CAIRO — The phenomenon of sexual harassment in Egypt has led to the emergence of grassroots movements defending a woman’s right to safely walk in public places. These movements include the “I saw harassment” movement and the Facebook page “I will not remain quiet about harassment,” among many other movements, most of which are established by victims of harassment.
“Sexual harassment is a pathological phenomenon that was met with acceptance by the street, the law and the regime in Egypt.” That is how Hannah Kamal, a psychotherapist, life coach, yoga teacher and founder of 35B, an institution for psychological and spiritual healing, described sexual harassment.
Speaking to Al-Monitor, Kamal explained the reasons for the phenomenon of sexual harassment in Egypt. “So far, no deterrent legal convictions have been implemented against harassers, giving the impression that there’s a general acceptance of the phenomenon. Thus, the [phenomenon] has spread for the first time to universities, and a group of young men harassed a female student on the campus of Cairo University [in mid-March this year]. Surprisingly, the head of the university and some journalists criticized the victim for not dressing modestly,” she said.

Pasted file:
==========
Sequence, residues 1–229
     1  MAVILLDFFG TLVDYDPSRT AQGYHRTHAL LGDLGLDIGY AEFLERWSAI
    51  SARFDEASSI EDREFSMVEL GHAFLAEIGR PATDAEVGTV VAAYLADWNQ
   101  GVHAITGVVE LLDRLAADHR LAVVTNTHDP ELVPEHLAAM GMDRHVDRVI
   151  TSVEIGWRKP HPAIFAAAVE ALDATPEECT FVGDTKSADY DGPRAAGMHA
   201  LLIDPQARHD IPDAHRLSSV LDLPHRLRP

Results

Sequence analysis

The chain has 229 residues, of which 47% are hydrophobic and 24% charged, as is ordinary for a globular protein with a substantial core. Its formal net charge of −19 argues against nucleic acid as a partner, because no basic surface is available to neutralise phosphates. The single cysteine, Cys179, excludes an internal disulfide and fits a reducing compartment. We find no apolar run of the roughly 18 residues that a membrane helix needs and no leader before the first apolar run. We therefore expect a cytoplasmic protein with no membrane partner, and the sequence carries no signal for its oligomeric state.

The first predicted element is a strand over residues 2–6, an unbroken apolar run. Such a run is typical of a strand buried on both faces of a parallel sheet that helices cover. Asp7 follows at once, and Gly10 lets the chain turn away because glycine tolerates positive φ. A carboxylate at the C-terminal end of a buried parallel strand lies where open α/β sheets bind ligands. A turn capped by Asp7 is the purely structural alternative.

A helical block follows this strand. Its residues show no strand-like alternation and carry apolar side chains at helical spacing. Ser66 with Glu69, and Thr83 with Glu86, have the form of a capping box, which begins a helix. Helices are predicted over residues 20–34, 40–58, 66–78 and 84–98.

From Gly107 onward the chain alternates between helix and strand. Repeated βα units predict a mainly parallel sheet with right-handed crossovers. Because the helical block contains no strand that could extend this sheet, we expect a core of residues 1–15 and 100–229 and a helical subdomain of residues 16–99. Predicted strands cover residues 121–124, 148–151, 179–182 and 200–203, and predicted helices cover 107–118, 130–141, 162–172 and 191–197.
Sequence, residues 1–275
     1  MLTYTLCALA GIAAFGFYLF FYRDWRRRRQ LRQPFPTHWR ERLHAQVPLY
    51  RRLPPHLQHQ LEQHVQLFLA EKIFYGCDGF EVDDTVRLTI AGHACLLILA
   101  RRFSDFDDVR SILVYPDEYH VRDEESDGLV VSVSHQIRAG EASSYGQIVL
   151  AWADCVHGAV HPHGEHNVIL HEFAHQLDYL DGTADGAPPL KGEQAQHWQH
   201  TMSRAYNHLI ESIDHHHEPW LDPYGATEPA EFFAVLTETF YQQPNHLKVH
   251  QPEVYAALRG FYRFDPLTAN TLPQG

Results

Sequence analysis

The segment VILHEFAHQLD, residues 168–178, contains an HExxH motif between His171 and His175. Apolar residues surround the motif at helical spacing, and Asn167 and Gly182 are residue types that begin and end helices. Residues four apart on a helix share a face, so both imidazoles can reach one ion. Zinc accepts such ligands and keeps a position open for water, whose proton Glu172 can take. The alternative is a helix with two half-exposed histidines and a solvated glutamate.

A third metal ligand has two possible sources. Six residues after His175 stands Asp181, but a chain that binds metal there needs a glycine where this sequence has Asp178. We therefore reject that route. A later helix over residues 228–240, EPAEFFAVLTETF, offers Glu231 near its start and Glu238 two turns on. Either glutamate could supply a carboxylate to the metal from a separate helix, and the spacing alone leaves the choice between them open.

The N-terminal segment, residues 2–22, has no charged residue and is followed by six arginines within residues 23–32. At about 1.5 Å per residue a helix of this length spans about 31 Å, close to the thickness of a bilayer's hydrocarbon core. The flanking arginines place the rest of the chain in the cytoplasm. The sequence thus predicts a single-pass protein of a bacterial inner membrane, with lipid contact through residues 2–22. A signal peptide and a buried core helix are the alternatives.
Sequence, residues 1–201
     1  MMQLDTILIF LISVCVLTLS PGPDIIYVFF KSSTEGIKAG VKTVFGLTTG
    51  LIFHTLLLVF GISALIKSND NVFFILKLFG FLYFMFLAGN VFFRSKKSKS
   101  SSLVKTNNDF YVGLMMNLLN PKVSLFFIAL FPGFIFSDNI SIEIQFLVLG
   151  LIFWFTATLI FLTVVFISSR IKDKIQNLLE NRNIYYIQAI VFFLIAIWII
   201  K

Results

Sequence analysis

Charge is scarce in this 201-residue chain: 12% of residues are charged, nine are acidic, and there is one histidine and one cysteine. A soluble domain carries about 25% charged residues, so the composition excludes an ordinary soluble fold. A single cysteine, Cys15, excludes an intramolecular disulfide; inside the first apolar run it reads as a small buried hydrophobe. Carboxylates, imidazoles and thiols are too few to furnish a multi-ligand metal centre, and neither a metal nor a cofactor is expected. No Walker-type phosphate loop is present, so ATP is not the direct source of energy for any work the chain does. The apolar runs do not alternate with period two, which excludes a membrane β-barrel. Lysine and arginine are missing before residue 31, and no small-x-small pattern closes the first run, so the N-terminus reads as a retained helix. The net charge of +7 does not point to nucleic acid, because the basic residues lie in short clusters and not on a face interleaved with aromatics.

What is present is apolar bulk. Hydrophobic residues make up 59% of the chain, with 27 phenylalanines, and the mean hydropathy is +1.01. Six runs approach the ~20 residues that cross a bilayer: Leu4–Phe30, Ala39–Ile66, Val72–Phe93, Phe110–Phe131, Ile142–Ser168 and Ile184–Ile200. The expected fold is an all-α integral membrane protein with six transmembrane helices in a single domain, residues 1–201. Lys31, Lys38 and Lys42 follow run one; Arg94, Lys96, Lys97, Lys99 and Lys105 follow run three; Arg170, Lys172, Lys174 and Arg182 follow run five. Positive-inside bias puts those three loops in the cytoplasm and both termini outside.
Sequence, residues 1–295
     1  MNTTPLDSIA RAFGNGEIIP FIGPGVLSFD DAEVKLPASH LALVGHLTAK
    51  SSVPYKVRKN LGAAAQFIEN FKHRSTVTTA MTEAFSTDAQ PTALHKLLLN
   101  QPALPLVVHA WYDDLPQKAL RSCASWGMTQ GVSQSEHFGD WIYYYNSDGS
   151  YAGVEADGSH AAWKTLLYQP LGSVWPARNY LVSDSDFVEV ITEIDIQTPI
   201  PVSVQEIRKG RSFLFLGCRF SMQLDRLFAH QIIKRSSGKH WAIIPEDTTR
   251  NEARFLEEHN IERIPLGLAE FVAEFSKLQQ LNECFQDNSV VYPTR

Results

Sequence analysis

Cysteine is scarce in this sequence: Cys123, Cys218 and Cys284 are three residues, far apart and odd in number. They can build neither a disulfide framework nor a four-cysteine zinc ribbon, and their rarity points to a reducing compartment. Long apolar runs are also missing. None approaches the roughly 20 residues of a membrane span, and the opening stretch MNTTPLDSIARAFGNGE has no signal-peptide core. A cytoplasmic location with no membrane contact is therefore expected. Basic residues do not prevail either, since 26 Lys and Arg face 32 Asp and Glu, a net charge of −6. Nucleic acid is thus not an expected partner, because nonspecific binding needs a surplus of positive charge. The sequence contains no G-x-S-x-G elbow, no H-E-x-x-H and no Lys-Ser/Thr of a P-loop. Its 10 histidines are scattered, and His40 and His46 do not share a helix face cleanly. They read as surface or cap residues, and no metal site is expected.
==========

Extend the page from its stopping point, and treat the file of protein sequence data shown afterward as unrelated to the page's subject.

Kamal told Al-Monitor that the reason behind the spread of the phenomenon is the decline in public morality, the lack of security after the January 25 Revolution, and societal acceptance of the phenomenon. She responded to those who blamed girls for not dressing modestly by saying that veiled women are being harassed, too.
“Sexual harassment in Egypt has reached a new moral low. It went from individual action to mass acts, whereby young men who don’t know each other agree to prey on girls and harass them to the point approaching rape,” Kamal said. "This happened during some gatherings on the anniversary of the January 25 Revolution in 2013 and on national holidays,” she said.
However, sexual harassment became more widespread following the January 25 Revolution and after the lawlessness that has swept Egypt ever since. Kamal draws a link between the demise of the Mubarak regime and the prevalence of this phenomenon, saying “repression” is a main factor that led to this case.
“The reason for this shift is that Egyptians were suddenly released from suppression after 30 years of dictatorial rule and smelled the breeze of freedom in January 2011. So all the psychological maladies inside them came out to the surface and were directed toward the weakest in society: women. So impudence entered everything in the Egyptian street, especially given the lack of security. The strong did whatever they wanted with [society’s] weakest.”
Women are widely perceived in Middle Eastern societies as a weaker social segment, which might lead unstable men to perceive them as prey that can be oppressed.